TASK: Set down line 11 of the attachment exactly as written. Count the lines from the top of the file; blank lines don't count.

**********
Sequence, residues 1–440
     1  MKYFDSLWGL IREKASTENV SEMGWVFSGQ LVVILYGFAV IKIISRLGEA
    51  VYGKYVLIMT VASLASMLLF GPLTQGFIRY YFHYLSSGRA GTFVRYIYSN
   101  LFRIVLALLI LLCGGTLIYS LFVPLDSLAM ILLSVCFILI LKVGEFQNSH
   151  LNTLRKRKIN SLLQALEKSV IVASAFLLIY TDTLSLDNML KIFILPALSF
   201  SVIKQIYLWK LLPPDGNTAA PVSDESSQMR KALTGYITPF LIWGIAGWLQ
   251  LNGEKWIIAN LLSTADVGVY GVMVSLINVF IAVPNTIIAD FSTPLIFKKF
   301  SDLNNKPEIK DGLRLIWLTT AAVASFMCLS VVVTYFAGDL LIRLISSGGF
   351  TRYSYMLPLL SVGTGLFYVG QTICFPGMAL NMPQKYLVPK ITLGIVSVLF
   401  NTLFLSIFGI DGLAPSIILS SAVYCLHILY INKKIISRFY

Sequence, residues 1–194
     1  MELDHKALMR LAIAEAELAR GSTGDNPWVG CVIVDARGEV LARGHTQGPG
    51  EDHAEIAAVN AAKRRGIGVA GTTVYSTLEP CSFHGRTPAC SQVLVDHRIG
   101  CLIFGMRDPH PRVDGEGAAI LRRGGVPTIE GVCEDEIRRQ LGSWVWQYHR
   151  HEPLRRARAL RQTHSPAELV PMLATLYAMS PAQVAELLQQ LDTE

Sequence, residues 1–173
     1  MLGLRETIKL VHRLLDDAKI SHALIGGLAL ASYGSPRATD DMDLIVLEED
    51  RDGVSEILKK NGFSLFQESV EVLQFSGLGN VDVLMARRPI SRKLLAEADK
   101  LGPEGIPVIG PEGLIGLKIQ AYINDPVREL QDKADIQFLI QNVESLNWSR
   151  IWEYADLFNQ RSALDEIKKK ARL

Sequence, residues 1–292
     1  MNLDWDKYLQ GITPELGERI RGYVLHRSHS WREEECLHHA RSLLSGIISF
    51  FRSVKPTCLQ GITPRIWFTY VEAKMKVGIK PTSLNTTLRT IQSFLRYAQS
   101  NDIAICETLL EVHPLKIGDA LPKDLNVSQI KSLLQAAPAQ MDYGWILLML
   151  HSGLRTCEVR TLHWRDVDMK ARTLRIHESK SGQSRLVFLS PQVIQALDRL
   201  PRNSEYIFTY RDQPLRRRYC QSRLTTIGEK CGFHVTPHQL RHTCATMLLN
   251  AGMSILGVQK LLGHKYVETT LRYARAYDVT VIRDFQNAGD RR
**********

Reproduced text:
Sequence, residues 1–194